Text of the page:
May 31, 2009
By Chris Tan
This week, find out how some of the best things in life come in small packages.
By Jose Marechal
Murdoch Books/$37.95/ Borders Books
A prominent restaurant trend in recent years has been the presenting of small, jewel-like dishes in little glasses or bowls. Verrines uses this framing idea to display a side of modern French cuisine that readers seldom see - no-fuss, quick- chic Parisian home entertaining.
The result is a smashing primer for the novice cook on how simple but wise combinations of ingredients can add up to more than their elements.
Strawberries, limoncello and fresh basil? Dangerously, aromatically addictive - next time I have to make a triple quantity. Hummus layered with carrot puree and topped with corn chips? A savvy juxtaposition of three kinds of vegetable sweetness and very more-ish. Salmon tartare with green apple, redcurrants and shallots? Little bursts of tartness ornament the rich fish.
Not all the recipes walk on the safe side. Consider blood sausage with butter-fried bananas and crushed spice biscuits, or a savoury 'milkshake' of celeriac with crispy bacon and breadsticks, or quinoa layered with rocket pesto and salmon roe.
Along with full recipes, there are also brief suggestions for items you can put together quickly with pantry ingredients, for example flaked smoked fish with potato cubes and creme fraiche, or cubed fruit 'kebabs' skewered with Pocky pretzel sticks (called Mikado in France), plus chocolate sauce for dipping. You will be dipping into this book often, I promise.
By Gerald Hirigoyen
with Lisa Weiss
Ten Speed Press/ $45.95/Borders Books
This is a beautiful, eloquent illustration of why Spanish cuisine is simultaneously so very good and so very difficult to export, namely because it rests on a foundational fanaticism about good ingredients.
This is straightforward, often very simple soul food but because of their sheer guilelessness, many recipes are not worth making if you have anything less than stellar produce. For instance, caramelised pearl onions skewered with cubes of idiazabal cheese, or young spring fava beans with creme fraiche, mint and lemon, or morcilla blood sausage braised in cider.
Fortunately, not everything is beyond reach. I made pan-seared and braised chicken in a 'Basque ketchup' of tomatoes, peppers, onions and sherry vinegar, which was finger-licking, bowl-scraping good. A wondrously refreshing lychee gazpacho is cannily paired with seared scallops but it would suit almost any shellfish and I would happily drink it by the pint.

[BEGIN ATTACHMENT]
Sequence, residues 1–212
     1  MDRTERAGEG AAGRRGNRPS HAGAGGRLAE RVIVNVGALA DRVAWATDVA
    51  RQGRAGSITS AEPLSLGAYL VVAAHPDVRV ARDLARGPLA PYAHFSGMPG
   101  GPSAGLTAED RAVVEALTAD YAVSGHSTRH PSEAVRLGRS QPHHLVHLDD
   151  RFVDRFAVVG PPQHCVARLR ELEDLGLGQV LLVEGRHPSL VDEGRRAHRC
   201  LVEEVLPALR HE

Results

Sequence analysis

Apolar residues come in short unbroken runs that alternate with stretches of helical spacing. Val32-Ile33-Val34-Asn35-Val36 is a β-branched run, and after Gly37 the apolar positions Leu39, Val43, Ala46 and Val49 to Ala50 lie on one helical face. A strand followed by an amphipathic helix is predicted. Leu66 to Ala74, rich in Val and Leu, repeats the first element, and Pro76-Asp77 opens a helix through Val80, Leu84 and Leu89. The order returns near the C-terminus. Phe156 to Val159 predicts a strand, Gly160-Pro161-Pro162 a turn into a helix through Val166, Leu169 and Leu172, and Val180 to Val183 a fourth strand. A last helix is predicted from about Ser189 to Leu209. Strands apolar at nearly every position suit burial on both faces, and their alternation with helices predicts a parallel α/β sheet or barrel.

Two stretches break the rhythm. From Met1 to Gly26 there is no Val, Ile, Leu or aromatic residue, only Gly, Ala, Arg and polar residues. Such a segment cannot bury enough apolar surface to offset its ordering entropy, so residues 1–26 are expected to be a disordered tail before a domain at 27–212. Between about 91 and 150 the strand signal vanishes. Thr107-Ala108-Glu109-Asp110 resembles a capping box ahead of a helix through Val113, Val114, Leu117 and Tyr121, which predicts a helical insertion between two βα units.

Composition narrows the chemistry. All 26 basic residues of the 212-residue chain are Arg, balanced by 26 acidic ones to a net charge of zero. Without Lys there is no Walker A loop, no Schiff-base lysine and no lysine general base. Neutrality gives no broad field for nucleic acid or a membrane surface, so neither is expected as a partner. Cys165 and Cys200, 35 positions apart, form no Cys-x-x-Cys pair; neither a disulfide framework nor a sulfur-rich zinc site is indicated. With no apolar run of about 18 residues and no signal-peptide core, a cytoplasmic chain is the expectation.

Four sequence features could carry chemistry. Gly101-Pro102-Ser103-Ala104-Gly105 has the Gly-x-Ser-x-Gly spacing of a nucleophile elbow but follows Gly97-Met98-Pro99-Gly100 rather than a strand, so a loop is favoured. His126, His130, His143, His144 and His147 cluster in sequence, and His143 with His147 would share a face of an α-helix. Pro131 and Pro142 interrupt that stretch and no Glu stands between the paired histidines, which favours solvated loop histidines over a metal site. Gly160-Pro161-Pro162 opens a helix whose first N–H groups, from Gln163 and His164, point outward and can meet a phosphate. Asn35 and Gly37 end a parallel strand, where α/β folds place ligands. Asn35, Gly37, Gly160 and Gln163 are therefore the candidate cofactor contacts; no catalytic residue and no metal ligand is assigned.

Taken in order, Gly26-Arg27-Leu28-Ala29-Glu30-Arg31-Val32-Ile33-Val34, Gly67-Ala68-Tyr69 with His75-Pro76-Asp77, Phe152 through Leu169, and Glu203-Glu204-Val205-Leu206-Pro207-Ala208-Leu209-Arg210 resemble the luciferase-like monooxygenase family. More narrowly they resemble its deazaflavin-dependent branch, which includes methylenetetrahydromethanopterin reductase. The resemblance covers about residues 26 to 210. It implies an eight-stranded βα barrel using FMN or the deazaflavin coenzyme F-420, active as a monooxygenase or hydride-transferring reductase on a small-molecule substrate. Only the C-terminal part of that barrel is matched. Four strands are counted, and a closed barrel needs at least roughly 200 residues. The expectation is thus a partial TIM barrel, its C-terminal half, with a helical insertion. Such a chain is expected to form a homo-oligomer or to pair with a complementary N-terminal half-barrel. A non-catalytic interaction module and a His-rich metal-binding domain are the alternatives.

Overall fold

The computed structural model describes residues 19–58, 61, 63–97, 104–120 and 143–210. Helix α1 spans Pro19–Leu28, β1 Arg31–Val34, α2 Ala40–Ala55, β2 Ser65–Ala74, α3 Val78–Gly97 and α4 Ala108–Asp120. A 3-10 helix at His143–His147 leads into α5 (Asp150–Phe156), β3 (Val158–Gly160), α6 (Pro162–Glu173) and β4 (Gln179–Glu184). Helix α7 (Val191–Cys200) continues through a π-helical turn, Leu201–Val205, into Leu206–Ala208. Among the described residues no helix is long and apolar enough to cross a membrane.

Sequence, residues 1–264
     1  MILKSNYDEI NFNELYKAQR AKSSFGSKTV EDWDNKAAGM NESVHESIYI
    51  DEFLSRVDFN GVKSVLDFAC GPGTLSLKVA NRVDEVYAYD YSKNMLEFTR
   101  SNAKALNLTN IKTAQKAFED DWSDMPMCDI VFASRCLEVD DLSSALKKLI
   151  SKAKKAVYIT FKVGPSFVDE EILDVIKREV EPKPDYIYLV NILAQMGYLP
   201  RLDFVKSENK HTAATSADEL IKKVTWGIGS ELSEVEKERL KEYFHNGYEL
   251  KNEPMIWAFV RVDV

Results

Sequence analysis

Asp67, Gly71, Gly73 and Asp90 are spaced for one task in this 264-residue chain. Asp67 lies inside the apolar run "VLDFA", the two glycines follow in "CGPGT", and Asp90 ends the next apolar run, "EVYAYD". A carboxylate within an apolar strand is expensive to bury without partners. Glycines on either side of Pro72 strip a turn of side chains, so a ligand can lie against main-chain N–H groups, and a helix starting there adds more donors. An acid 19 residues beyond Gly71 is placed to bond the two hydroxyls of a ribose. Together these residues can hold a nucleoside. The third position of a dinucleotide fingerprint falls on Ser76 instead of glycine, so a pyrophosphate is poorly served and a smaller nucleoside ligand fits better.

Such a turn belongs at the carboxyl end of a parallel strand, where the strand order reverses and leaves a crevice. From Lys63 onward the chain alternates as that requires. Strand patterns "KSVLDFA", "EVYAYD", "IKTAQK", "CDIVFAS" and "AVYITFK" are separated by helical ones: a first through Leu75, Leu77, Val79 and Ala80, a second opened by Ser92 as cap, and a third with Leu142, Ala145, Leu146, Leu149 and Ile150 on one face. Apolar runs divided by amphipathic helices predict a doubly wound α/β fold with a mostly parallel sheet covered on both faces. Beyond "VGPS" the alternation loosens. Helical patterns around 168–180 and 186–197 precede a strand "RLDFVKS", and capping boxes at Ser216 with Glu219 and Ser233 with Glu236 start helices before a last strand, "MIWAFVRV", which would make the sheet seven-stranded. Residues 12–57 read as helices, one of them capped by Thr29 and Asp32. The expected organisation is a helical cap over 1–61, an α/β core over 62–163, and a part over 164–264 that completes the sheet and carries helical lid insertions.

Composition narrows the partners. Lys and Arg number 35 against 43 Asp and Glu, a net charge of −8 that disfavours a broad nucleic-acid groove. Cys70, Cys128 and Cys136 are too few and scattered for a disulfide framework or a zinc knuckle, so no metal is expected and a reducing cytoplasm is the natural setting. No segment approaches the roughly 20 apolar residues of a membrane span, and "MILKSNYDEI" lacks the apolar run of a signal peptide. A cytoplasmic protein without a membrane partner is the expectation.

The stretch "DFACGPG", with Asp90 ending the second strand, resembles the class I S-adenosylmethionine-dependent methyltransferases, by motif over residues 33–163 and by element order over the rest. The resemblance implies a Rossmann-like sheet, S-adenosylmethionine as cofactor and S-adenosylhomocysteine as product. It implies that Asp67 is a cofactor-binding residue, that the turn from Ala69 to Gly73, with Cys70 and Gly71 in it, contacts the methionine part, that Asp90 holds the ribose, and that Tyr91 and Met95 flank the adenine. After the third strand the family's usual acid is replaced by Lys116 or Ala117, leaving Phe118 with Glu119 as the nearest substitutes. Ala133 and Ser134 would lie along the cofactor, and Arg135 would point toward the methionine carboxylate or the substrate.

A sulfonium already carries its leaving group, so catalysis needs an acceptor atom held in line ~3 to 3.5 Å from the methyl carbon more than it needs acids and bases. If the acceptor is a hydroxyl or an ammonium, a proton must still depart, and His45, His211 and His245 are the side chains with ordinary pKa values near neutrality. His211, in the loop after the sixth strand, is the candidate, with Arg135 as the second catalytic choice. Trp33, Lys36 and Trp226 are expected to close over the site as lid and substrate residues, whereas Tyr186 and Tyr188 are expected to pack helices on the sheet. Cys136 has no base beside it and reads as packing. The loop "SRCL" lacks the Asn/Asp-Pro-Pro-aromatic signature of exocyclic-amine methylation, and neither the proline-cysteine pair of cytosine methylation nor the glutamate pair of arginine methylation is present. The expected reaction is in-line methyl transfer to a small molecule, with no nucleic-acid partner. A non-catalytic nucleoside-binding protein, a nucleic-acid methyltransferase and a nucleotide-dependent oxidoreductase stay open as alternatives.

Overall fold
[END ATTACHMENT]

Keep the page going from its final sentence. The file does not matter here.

I love how the chapters are divided quirkily but perfectly in context: beans, innards, fried bites, things on bread and so on. The mostly Basque or Basque-spirited repertoire is given an occasional Californian touch by San Francisco-based chef-restaurateur Hirigoyen, hence a panko-breaded-chicken sandwich and lamb 'slider' burgers. Each recipe is accompanied by sensible, concise advice on wine pairing and the glossary is an excellent practical guide to Spanish ingredients.
Dessert Fourplay: Sweet Quartets From A Four-Star Pastry Chef
By Johnny Iuzzini
and Roy Finamore
Clarkson Potter/$70.90/ Borders Books
This fourplay should be attempted only by those in committed relationships, with their suppliers of kitchen equipment, gourmet grocers and, possibly, their junior college chemistry teachers.
However, despite his frequent calls for foam canisters, Silpats, calcium lactate and such, James Beard Award-winner Johnny Iuzzini has crafted a surprisingly winsome book.
Its main conceit is the construction of desserts comprising four variations on a theme.
For instance, strawberry, citrus, 'exotic chocolate' - each of which you could also make as a larger single dessert in its own right.
He has some great ideas, such as a spice-infused apple soup with apple tempura and sweet potato gnocchi, or a simple salad of sliced peaches with farmer cheese and candied pistachios.
He loves to play with textures in a way that would be exhilarating in a restaurant but is downright exhausting in your kitchen.
After much page-thumbing to find something I could make with my low-tech equipment, I baked the pumpkin and pine nut cake.
Studded with boozy prunes, it had a richly complex flavour that was let down by a stodgey crumb and a flourless streusel topping that looked not at all like the photograph.
Chocolate spaetzle, a dessert version of the German dumplings, turned out better, delicious little melt-in-the- mouth bites of bittersweet cocoa touched with olive oil and salt.
These did look like the photograph, but unfortunately, also like something your dog might decorate a pavement with.
This is infectiously enthusiastic reading for those wanting sweet inspiration or for home cooks wanting to make the leap into pro-level contemporary patisserie. Just make sure you have energy drinks on hand.